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Abstract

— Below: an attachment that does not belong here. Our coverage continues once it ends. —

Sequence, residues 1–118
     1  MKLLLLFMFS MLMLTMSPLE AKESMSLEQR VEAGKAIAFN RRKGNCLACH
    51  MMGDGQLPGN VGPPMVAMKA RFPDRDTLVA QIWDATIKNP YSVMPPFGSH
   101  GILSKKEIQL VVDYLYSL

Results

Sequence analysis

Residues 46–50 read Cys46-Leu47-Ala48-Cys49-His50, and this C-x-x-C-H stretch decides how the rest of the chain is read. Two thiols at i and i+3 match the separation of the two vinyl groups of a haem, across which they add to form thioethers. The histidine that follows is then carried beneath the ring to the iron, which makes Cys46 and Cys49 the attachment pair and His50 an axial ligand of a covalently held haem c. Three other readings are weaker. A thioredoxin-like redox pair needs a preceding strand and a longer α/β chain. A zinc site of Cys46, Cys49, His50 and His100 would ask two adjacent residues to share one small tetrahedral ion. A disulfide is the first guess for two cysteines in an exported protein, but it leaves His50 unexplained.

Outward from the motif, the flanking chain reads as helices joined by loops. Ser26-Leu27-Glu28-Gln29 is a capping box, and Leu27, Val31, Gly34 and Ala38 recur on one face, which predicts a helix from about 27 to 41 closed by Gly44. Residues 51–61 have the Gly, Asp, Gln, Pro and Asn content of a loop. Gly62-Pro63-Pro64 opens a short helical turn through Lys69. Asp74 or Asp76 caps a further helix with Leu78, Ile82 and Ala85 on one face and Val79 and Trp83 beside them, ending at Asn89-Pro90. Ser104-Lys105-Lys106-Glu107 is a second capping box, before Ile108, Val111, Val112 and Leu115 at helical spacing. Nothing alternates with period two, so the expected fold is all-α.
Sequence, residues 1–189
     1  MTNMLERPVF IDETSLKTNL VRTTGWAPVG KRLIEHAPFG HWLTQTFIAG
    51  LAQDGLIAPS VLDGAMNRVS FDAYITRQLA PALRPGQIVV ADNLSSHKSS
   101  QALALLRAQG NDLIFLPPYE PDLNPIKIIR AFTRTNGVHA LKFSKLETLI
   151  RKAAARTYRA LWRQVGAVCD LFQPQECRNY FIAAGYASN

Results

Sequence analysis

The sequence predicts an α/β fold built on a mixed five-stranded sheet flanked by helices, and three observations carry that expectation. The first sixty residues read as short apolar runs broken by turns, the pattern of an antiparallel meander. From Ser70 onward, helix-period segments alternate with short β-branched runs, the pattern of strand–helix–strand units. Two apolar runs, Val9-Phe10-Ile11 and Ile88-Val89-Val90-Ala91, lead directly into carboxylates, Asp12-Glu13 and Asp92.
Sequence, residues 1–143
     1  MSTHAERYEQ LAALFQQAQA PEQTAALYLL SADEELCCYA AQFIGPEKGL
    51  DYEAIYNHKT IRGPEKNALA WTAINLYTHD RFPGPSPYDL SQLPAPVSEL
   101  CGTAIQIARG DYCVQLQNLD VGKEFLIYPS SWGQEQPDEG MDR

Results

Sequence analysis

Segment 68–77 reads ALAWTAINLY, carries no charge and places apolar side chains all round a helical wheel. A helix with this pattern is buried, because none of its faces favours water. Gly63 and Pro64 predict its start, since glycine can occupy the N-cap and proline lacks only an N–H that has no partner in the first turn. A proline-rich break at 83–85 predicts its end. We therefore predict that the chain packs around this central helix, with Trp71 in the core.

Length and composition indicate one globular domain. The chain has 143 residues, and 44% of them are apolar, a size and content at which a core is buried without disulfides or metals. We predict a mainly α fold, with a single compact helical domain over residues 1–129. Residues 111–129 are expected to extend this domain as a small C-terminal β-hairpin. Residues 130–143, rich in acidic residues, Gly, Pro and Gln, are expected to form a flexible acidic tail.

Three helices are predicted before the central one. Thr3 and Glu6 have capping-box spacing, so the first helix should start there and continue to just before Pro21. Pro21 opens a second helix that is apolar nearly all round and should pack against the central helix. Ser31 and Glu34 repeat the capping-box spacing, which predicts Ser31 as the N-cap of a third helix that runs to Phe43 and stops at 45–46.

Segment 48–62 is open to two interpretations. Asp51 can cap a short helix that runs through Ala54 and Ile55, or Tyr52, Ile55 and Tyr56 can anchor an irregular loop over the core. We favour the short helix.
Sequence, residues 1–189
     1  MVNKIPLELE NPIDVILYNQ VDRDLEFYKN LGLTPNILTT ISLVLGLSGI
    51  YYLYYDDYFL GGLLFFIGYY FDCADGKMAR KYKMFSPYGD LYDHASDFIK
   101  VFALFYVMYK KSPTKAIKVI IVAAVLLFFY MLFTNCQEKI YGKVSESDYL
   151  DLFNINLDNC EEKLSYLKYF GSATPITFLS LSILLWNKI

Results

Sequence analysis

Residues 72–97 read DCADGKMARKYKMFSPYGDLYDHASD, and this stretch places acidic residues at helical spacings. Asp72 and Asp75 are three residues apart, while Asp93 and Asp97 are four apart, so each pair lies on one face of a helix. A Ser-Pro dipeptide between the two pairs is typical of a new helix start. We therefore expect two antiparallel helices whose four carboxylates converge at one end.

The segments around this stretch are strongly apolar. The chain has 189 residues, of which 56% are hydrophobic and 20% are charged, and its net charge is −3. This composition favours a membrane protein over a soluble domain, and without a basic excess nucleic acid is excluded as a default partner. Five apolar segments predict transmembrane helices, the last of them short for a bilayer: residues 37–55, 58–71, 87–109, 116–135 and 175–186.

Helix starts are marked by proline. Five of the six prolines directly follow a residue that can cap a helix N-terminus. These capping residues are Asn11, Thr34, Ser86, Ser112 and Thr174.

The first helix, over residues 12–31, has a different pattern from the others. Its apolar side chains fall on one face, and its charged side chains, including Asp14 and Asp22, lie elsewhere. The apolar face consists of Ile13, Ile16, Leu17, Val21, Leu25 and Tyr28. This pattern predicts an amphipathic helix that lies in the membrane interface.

The role of alcohol intake in the occurrence of severe liver disease in chronic hepatitis C virus (HCV) carriers is still debated. A cross-sectional study has been conducted in 233 chronic hepatitis C virus carriers. Weekly self-reported alcohol consumption (SRAC) was evaluated, serum HCV RNA levels were measured by a branched DNA technique (Quantiplex 2.0) and HCV genotypes were determined. A liver biopsy was performed simultaneously and liver lesions were graded with the Knodell histological activity index. Data were examined by uni- and multivariate analyses. Alcohol consumption was relatively low (< 140 g/per week in 193/233 patients [80%]). We found a highly significant correlation between SRAC and serum HCV RNA levels (r = .26, P = .001). Fibrosis was significantly correlated with age and alcohol consumption. These results suggest that in HCV carriers, alcohol consumption, even with low alcohol intake, increases viremia and hepatic fibrosis. Chronic HCV carriers should be advised to avoid regular alcohol intake.